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Health-care fraud crackdown nets $4.1b. Is that a lot?

Officials say nearly $4.1b was recovered last year in the health-care fraud crackdown, an Obama priority, but it's unclear if that reflects the success of law enforcement or the magnitude of the problem. 

By Staff writer / February 14, 2012

Health and Human Services (HHS) Secretary, Kathleen Sebelius, accompanied by Attorney General Eric Holder, speaks during a news conference to announce the new Health Care Fraud and Abuse Control Program Report, Tuesday, at HHS in Washington.

Manuel Balce Ceneta/AP


The federal government recovered nearly $4.1 billion last year in an escalating, nationwide crackdown against health-care fraud, Obama administration officials announced Tuesday.

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Health and Human Services Secretary Kathleen Sebelius and Attorney General Eric Holder made the announcement in Washington as they released an annual report on health-care fraud enforcement.

The report shows a sharp increase in the amount of fines and restitution recovered from health-care scams during the Obama administration.

During President Bush’s eight years in office, nearly $1.6 billion was recovered on average each year by federal agents and prosecutors. In contrast, the Obama administration has recovered an average $3.6 billion per year during each of the past three years.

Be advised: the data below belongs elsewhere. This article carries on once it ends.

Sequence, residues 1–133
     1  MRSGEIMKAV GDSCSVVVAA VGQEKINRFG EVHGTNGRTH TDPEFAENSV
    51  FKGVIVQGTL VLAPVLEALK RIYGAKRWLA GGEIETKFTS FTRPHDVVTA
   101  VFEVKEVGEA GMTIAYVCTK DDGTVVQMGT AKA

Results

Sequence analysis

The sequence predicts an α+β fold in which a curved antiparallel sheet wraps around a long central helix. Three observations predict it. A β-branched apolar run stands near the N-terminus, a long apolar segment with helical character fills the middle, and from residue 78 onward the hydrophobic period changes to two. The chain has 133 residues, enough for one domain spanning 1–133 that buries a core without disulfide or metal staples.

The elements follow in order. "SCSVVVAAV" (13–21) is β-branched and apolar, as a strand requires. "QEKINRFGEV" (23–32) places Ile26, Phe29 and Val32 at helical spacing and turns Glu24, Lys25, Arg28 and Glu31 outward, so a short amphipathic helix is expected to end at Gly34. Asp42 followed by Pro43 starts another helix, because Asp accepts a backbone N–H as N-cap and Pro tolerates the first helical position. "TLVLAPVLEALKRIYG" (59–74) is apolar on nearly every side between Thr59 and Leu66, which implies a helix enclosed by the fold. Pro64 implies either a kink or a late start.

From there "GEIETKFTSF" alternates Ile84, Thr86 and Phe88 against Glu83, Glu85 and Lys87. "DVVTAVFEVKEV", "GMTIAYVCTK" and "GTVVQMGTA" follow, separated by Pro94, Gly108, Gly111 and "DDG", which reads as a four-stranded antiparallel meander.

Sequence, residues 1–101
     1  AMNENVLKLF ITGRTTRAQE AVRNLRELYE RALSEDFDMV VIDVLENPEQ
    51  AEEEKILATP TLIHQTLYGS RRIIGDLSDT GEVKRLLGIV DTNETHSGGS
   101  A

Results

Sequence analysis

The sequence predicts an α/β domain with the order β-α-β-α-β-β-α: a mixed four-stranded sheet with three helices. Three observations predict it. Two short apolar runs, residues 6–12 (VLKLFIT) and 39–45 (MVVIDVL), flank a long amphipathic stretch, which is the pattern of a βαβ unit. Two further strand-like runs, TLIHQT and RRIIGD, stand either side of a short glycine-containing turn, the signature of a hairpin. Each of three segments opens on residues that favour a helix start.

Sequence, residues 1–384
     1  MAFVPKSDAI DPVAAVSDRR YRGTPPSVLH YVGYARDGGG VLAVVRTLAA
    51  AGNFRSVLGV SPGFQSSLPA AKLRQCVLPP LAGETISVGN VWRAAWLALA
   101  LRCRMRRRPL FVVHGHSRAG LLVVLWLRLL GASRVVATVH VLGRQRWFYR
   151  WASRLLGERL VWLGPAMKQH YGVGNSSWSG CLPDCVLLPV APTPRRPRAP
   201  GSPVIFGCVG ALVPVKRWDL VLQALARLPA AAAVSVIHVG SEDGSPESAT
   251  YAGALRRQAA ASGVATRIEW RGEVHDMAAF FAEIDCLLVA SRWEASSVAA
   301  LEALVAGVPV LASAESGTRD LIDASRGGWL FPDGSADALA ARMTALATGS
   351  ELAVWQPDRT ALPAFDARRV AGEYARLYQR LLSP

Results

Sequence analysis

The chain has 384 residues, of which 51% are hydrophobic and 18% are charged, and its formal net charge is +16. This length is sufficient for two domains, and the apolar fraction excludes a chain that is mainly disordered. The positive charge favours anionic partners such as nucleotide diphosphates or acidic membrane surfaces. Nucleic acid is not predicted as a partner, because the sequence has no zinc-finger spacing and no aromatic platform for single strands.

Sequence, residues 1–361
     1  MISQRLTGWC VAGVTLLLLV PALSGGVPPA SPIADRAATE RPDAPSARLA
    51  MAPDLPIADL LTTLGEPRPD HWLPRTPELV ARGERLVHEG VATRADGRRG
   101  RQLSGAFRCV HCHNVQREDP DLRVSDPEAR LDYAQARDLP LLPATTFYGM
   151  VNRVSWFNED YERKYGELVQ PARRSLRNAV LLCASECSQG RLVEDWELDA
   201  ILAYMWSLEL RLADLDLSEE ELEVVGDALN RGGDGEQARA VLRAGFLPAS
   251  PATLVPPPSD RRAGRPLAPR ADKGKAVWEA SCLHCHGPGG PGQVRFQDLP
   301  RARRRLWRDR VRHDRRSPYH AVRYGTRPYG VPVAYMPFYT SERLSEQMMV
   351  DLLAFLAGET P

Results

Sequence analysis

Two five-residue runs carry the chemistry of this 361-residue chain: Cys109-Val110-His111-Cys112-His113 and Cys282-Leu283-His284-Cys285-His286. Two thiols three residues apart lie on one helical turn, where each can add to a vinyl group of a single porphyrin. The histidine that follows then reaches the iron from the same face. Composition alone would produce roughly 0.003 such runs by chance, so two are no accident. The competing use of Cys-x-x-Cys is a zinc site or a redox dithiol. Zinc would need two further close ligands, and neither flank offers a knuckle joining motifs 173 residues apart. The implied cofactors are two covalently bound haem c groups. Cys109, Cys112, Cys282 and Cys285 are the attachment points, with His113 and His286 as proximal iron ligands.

“These accomplishments reflect this administration’s ongoing and intensive efforts to protect the American people and to safeguard precious taxpayer dollars,” Attorney General Holder said.

“It is just one of many ways this administration is working to help the American people at a time when budgets are tight,” he said.

The announcement comes as the president’s health-care reform law – the Affordable Care Act – is under siege among Republicans in Congress and at the US Supreme Court, where lawyers for 26 states will argue next month that it is unconstitutional.

Fighting health-care fraud is essential in an administration that is seeking to dramatically increase the level of federal control over the nation’s health insurance system.

But it is unclear from the report to what extent the increased recoveries are a function of more efficient law enforcement or simply the rampant nature of fraud against the government. Estimates are that health-care fraud diverts more than $60 billion a year from public health care to criminal enrichment.

Administration officials insist they are bringing fraud, waste, and abuse under control.

“We are regaining the upper hand in our fight against health-care fraud,” Secretary Sebelius said. “It has never been harder to rip off Medicare and Medicaid, as it is today,” she said.


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